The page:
1962
    Setting new sales records, American Motors continued its "policy of making changes only when they truly benefited the customer." The 1962 model year Rambler American lineup was essentially the same as 1961. Model designations changed with the Custom trim becoming a 400.

    A new "E-stick" option combined a manual 3-speed transmission with an automatic clutch as a low-cost alternative to the fully automatic transmission. The E-stick was also available in conjunction with an overdrive unit. The system cost $59.50, but offered stick-shift economy, performance, and driver control without a clutch pedal by using engine oil pressure and intake manifold vacuum to engage and disengage the clutch when shifting gears.

    Although the "Big Three" domestic automakers had introduced competitive compact models by 1962, the Rambler American remained the oldest, smallest, "stubbornly unique" refusing "to conform to Detroit's standard pattern for scaled-down automobiles" and "free of gimmicky come-ons." A 10,000-mile (16,093 km) road test by Popular Science described the 1962 Rambler American as "sturdy, solid, dependable little automobile, comfortable to drive ... a good buy for what it's built for transportation, not a status symbol."

    The automaker's president, George W. Romney, appeared prominently in advertisements asking potential customers to "think hard" about new cars and describing "more than 100 improvements in the 1962 Ramblers" and why they are not available in competitive cars, as well as AMC "workers as progress-sharing partners" so that buyers can "expect superior craftsmanship."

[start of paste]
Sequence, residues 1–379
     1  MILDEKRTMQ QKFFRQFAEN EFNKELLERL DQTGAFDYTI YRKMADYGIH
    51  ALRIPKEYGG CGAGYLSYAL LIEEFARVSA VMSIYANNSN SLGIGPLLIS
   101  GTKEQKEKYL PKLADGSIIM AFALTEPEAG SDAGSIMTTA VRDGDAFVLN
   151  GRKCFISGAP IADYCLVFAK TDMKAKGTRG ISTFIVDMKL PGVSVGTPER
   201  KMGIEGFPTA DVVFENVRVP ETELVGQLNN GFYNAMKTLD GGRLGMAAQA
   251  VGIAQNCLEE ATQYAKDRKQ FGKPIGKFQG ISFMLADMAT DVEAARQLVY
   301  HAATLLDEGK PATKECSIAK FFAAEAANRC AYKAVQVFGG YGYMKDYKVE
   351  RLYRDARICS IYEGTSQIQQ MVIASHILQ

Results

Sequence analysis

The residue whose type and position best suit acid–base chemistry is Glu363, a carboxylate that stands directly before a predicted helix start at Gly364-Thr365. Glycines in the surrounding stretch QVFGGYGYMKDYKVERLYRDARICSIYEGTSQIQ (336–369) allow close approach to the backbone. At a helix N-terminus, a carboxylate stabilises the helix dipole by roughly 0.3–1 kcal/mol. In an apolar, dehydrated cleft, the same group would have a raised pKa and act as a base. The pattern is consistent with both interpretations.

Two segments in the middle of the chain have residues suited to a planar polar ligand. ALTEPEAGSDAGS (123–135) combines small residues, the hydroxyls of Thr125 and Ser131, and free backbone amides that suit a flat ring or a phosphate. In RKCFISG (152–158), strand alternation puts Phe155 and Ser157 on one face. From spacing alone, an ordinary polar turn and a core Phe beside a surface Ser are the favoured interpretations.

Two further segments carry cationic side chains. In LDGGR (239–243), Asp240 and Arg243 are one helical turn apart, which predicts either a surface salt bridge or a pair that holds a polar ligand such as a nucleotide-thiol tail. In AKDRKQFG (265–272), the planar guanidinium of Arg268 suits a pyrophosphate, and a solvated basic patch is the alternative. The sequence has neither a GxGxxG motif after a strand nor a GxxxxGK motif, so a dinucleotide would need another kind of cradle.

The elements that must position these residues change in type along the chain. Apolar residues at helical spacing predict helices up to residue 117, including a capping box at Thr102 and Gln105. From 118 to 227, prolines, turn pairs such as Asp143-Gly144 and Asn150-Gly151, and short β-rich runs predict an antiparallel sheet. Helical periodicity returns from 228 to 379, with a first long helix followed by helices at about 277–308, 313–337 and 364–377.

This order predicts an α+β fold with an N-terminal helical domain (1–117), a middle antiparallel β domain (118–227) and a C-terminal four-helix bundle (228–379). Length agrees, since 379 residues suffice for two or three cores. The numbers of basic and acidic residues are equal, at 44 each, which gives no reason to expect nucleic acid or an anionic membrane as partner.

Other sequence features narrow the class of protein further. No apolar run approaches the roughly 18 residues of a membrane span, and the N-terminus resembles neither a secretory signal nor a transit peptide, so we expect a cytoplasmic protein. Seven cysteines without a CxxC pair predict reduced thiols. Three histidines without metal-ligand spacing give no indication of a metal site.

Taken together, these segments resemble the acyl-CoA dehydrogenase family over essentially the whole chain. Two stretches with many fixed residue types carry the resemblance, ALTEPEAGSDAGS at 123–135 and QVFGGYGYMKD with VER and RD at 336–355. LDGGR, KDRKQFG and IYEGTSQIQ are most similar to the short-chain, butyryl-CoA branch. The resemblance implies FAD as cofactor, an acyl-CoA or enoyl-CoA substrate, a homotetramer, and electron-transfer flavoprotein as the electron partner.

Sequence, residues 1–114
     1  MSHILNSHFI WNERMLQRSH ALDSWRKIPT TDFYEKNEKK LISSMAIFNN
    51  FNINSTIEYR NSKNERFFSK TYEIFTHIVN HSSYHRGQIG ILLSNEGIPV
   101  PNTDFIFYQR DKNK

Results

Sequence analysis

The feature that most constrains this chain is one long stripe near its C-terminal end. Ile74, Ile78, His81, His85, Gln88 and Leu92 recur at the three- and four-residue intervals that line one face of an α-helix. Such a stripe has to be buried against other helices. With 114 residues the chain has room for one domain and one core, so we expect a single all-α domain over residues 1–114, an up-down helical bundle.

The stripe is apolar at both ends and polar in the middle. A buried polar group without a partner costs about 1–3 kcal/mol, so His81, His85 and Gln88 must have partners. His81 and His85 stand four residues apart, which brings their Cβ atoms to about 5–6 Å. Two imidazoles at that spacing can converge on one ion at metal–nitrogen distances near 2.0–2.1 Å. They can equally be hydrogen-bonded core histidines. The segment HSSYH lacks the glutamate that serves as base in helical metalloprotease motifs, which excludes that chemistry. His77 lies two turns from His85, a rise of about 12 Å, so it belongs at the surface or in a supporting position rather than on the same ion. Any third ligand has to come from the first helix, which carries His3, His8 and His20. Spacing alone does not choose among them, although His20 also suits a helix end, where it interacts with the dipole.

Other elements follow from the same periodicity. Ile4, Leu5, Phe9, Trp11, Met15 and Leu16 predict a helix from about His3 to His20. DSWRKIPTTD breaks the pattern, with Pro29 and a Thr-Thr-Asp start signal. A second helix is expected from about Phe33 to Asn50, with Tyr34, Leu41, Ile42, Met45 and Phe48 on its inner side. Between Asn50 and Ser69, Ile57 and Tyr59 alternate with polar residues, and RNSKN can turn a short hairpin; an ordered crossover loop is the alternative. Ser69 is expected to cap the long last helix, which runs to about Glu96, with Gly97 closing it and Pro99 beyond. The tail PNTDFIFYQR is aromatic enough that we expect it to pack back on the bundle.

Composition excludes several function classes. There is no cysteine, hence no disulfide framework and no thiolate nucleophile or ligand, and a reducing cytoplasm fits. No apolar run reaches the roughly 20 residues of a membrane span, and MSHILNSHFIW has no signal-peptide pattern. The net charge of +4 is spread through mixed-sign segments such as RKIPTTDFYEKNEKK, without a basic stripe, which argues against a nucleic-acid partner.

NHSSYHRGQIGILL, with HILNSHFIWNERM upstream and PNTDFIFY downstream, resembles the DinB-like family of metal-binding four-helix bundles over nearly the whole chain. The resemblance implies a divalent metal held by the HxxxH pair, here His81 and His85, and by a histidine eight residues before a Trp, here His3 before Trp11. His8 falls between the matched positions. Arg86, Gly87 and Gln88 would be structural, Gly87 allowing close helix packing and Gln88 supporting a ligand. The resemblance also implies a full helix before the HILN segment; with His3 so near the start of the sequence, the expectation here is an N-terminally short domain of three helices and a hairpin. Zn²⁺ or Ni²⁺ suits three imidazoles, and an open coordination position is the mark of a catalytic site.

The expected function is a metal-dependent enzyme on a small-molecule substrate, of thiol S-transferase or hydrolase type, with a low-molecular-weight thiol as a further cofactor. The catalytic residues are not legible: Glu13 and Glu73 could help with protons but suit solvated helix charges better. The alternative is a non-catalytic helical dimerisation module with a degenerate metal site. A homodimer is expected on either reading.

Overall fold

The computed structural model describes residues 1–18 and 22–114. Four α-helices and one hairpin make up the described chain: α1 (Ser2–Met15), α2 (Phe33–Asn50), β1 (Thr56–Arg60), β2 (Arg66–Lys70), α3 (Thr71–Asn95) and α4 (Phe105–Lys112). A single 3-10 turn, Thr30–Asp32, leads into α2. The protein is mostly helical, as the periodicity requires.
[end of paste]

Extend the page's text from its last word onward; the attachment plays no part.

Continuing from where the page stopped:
1963
    For 1963, model designations were changed once again with the 400 now called 440. A new hardtop (no B-pillar) coupe body design debuted, whose steel roof was designed to mimic the appearance of a closed convertible top. This was a one-model-year-only design with a thin profile, clean lines, stamped faux-convertible ribs, and a textured finish. A special top-of-the-line model called the 440-H was equipped with sports-type features including individually adjustable reclining front bucket seats and a center console, as well as a more powerful 138 hp (103 kW; 140 PS) version of Rambler's stalwart 195.6 cu in (3.2 L) inline-6 engine.

    An optional console shifted "Twin-Stick" manual overdrive transmission was introduced. This transmission has a bigger gap between 2nd and 3rd gears compared to the regular three-speed transmissions with overdrive (that operated like a five-speed although the driver needed to know the governor cut-in speed, free-wheeling, as well as when to lock the overdrive in or out). This allowed the transmission to be shifted as a five-speed (1, 2, 2+OD, 3, and 3+OD). The Twin-Stick-shift had the kick-down button on top of the main shift-knob to facilitate five-speed shifting.

    The entire product line from AMC earned the Motor Trend Car of the Year award for 1963. The recognition was used by AMC to promote the carryover Rambler American models.
    First as the Nash Rambler and then as two generations of the Rambler American, this automobile platform performed the rare feat of having two distinct and successful model runs, an almost unheard of phenomenon in automobile history. The convertible and hardtop were the sportiest of the final 100-inch (2,540 mm) wheelbase Rambler Americans, and arguably the most desirable now.

    Source: Wikipedia